Lawmakers at U.S. Congress vowed on Tuesday to all but strip executives of the troubled American International Group (AIG) of their 165 million dollars in bonuses.
House and Senate Democrats were crafting separate bills to tax up to 100 percent of generous bonuses awarded by AIG and other companies rescued by taxpayer money, according to U.S. media reports.
Republicans said U.S. President Barack Obama's administration should have done more to stop the bonuses.
"Recipients of these bonuses will not be able to keep all of their money," declared Senate Majority Leader Harry Reid.
"If you don't return it on your own we will do it for you," Chuck Schumer of New York said.
The financially strapped AIG, which has so far received more than 170 billion dollars in a federal rescue, was paying 165 million dollars of bonuses to its executives. In the fourth quarter of last year, the insurance giant lost 61.7 billion dollars, the largest corporate loss in history.
Obama pledged on Monday that his administration will stop AIG from paying the "substantial sums" of bonuses to its executives.
"How do they justify this outrage to the taxpayers who are keeping the company afloat," the president said, noting that the insurer is in financial straits because of "recklessness and greed."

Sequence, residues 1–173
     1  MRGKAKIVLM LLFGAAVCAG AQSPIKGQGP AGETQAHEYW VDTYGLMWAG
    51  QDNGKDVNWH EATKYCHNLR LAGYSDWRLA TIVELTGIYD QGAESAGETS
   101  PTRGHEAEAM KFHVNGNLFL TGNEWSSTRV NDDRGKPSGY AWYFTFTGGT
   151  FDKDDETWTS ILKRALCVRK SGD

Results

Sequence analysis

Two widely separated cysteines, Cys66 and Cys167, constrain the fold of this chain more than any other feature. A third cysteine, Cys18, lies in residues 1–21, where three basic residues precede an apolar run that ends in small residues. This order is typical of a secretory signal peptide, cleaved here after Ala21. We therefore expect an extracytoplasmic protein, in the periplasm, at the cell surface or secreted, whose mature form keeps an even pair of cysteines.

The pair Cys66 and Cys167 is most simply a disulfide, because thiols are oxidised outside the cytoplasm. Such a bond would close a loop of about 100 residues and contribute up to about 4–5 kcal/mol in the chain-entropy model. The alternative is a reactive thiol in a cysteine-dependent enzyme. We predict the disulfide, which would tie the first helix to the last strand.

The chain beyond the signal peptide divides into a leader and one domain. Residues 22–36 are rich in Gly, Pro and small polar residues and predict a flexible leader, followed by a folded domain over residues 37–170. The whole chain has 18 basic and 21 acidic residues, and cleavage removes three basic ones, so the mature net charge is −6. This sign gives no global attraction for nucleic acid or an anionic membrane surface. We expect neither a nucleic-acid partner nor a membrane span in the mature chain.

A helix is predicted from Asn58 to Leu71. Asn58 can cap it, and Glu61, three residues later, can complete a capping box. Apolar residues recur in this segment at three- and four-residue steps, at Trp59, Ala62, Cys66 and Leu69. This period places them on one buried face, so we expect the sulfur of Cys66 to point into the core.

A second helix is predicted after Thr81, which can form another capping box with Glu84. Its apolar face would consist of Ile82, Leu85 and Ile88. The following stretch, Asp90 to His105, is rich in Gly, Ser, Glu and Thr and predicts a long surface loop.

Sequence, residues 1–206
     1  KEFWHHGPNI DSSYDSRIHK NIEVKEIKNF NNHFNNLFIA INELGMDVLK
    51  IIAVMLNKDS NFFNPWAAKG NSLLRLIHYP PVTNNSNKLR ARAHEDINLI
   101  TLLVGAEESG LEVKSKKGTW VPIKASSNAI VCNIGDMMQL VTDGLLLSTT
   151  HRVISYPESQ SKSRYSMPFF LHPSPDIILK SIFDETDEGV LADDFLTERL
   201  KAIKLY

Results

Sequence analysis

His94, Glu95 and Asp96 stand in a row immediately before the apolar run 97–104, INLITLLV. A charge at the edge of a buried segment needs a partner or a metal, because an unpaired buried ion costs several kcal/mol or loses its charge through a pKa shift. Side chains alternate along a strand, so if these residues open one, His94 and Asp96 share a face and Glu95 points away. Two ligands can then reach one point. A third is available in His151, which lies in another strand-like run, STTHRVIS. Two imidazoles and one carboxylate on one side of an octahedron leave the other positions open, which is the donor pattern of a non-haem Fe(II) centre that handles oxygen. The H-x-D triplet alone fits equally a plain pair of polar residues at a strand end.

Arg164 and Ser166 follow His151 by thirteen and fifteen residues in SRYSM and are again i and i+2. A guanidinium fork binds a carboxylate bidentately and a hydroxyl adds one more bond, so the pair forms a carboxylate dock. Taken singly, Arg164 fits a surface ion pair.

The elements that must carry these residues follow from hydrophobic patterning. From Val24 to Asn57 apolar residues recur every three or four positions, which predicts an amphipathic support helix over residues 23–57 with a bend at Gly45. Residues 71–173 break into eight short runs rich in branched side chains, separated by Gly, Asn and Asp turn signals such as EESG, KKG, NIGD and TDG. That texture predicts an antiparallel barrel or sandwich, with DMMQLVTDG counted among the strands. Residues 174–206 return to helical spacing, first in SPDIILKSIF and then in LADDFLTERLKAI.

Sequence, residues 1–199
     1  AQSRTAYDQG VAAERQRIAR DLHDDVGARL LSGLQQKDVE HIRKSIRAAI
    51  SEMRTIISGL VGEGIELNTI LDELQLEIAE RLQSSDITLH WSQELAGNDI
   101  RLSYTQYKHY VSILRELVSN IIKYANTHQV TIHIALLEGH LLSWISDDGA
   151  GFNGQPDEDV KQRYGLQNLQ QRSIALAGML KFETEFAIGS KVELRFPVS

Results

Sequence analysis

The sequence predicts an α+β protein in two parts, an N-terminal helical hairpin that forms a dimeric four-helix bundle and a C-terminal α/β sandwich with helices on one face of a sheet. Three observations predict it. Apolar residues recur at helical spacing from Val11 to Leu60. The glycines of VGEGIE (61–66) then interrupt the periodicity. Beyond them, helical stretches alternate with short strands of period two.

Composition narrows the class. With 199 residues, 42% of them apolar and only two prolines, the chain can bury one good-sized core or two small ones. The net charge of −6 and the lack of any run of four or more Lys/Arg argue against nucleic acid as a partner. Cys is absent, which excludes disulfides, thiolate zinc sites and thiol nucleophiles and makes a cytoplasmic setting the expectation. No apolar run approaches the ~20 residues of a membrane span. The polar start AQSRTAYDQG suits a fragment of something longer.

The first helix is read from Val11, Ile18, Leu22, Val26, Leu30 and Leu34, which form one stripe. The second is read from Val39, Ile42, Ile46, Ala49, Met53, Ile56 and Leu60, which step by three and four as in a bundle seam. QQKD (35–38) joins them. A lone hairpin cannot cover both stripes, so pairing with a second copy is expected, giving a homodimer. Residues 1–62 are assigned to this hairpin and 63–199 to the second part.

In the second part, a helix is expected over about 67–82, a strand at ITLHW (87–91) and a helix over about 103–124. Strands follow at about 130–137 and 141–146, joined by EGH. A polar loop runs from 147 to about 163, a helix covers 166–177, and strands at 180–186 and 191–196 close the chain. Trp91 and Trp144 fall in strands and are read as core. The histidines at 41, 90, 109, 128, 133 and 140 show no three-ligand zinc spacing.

Obama said he has asked Treasury Secretary Timothy Geithner to "pursue every legal avenue to block these bonuses and make the American taxpayers whole."
AIG would not be the only company to be named by either Democratic bill, but there was no question whose executives inspired the legislation.
However, the bonuses for AIG executives were paid legally, part of a program that had been disclosed in advance in filings that the insurer made with the government, the U.S. media reported. Sharp questions have been raised about what the administration knew about the bonuses, and when.
(Xinhua News Agency March 18, 2009)